By structuring a prosthetic implant such that the portion most likely to wear or desired to be changed is quickly and easily replaceable from the remaining portion of the prosthetic implant, significant amounts of surgical time can be saved and the prosthesis can be more closely tailored to the patient's needs. Equally important is the fact that the portion of the prosthesis which is anchored into the patient, such as a tapered shaft inserted into the intramedullary canal of the tibia or of the femur, does not have to be surgically removed in order to make a replacement of a worn or damaged tibia articulation portion. Such a replaceable concept, in order to be effective, must securely hold the anchored portion and the replaceable portion together so as to act as an integral member regardless of the nature or complexity of the forces and loads acting thereon. With a design which achieves the requisite strength and durability, it is then possible to mix and match the replaceable portion with various anchored portions and vice versa such that, for example, an inventory of five relatively large and expensive replaceable portions and five relatively small and inexpensive anchoring portions for a tibial or femoral implant would be able to provide 25 different combinations of each to the orthopedic surgeon rather than having to inventory and stock 25 separate complete relatively large and expensive portions.
Tibial and femoral primary or revision prostheses that are presently being marketed have a fixed central stem, located on the distal plane of the tibial tray, or component, and on the proximal portion of the femoral component's anterior/posterior box. This stem is used primarily for purposes of stabilization and strength, both during installation and after the joint has been rebuilt. It is difficult to determine prior to surgery, even by x-raying, the size of the stem to be used. As a result, it is often necessary to wait until the bone structure is personally viewed by the surgeon during the implant operation before selecting the proper size of the implant and, particularly, the stem.
In the past, it has been necessary for hospitals to maintain a large inventory of sizes of prosthetic joint components in order to accommodate different sizes of patients. However, the cost of maintaining such a large inventory is substantial. This expense sometimes becomes so great that a hospital will maintain no inventory, but will order a particular prosthesis only when needed. As a result, if elective surgery is to be performed, oftentimes components are ordered specially for the surgery to be performed which includes one size larger and one size smaller than is expected to be used. Revision surgery in cases of traumatic injury could not be performed since there would be no inventory on hand to provide prompt availability for all possible patients.
Typical of the prior art known to the inventor which is broadly of interest when considering the invention are the Noiles U.S. Pat. No. 4,219,893 and to Volz, U.S. Pat. No. 4,257,129. The Noiles patent discloses a prosthetic knee joint of the hinged type which permits rotation of the bones in two planes. In respect to the tibial component, a tibia stem whose upper part is rotatably engaged with the femoral component has a lower vertically depending rod which is rotatably received within a tibia sleeve which, in turn, is adapted to be implanted in the intramedullary canal of the tibia. The Volz patent is merely representative of a wide range of patents which disclose a tibial component having a downwardly extending stem for anchoring it to the tibia. A plastic bearing member is dove-tailed into receptive engagement on the upper surface of a support shelf and is held against further movement, once installed, by means of a vertical pin member which is received through the bearing and into a longitudinal bore formed in the stem and extending longitudinally in an axial direction. In neither patent is there a suggestion that the construction would enable the provision of various lengths and diameters of stems.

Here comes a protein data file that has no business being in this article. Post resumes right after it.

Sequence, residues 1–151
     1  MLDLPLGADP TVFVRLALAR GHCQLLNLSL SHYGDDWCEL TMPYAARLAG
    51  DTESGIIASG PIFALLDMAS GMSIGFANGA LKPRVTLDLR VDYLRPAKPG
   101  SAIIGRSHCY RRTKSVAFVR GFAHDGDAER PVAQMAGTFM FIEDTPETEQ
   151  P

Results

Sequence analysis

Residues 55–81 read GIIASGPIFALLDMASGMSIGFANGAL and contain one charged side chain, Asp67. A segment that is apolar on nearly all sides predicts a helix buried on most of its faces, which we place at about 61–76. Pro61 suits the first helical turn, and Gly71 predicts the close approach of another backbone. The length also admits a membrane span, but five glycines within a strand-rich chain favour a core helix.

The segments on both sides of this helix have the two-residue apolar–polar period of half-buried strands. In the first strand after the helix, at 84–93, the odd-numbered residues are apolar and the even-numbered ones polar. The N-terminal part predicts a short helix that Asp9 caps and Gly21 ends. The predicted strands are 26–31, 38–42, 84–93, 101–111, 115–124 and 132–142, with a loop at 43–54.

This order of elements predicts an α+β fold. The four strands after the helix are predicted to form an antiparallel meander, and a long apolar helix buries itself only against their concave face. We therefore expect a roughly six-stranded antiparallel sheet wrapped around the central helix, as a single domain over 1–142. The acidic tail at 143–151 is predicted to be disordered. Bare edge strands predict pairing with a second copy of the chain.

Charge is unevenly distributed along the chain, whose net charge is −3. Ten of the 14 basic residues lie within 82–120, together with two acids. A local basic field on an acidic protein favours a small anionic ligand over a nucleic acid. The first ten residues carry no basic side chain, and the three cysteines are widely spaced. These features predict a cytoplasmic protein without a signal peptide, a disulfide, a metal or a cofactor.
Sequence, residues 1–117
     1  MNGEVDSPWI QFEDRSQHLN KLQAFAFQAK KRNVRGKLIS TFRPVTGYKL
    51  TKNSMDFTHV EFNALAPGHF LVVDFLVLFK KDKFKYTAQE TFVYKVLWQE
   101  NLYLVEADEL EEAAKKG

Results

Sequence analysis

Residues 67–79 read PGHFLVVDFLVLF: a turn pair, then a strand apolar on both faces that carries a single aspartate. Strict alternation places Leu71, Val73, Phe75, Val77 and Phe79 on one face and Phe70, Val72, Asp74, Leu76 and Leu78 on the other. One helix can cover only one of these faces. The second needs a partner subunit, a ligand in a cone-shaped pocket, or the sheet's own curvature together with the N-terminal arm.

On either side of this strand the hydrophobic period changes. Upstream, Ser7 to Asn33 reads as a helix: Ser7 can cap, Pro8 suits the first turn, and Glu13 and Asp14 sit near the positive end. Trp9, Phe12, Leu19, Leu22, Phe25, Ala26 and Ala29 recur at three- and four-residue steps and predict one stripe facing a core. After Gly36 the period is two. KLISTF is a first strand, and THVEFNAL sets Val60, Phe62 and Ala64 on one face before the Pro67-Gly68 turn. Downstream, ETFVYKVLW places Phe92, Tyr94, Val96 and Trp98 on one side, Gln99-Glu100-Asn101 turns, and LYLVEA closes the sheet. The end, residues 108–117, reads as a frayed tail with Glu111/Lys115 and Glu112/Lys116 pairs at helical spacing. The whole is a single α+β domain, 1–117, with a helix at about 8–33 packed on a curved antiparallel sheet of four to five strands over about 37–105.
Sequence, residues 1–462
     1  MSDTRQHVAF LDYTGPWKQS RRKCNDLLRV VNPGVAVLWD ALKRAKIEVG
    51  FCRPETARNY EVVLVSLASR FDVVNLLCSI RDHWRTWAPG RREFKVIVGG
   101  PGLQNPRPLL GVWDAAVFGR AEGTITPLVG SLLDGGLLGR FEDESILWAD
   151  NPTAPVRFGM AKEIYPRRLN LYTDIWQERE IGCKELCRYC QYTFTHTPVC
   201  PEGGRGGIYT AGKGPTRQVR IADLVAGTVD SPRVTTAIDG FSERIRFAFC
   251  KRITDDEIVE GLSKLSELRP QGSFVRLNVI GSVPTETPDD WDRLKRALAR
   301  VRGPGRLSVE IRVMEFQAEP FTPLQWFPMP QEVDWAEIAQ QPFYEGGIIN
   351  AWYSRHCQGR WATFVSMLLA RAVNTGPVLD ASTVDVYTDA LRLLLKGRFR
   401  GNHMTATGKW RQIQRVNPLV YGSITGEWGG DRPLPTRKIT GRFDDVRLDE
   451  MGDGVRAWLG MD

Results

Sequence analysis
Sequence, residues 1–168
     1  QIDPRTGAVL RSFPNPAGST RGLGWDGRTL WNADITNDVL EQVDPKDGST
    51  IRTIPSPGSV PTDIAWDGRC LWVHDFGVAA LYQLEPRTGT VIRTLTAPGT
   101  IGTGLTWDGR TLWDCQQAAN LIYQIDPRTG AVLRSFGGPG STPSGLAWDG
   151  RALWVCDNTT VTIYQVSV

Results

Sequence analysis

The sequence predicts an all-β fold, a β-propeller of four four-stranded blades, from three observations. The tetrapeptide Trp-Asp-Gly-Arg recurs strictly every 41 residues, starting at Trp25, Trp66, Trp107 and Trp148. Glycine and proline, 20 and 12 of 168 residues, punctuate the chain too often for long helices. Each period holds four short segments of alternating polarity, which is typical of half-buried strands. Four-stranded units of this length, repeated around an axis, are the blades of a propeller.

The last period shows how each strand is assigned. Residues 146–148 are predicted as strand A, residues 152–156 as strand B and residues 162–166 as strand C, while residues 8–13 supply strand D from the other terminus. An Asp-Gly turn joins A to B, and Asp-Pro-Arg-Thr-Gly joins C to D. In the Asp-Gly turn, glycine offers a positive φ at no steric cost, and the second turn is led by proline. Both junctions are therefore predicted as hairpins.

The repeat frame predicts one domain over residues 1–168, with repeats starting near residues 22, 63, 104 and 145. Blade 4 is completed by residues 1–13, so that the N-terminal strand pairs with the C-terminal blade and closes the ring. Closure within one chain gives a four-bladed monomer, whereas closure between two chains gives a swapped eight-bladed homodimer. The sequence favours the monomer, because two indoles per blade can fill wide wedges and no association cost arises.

It is also known, in the instance of hip prostheses, for hospitals to inventory a number of femoral components for a hip prosthesis having a range of different sized heads for articulation in associated acetabular bearing components having a similar range of sizes. In some instances, stem extensions have been utilized in order to more readily accommodate a wide range of body sizes.
Although the foregoing devices have generally satisfied the goals for which they were intended, none offered the simplicity and economy which represent goals which have been achieved by the present invention.
To this end, the invention relates to a tool for separating the two components of a modular joint prosthesis intended for implantation in a body. One component of the prosthesis is adapted to be fixed to a long bone having an intramedullary canal includes an elongated male stem having a uniformly tapered outer surface. In order to accommodate the particular size of long bone to which the component is to be fixed, another component, namely, a properly sized female stem is attached to the male stem before the male stem is implanted into the long bone. The female stem is adapted to be received in the intramedullary canal for fixation thereto, and has a uniformly tapered inner surface, the angle of the taper being substantially similar to the angle of taper of the outer surface of the male stem. As a result, the male stem and female stem become locked together when the inner surface of the female stem engages the outer surface of the male stem. The proper size of female stem is obtained by selecting it from a family of female stems having a graduated sequence of different external dimensions.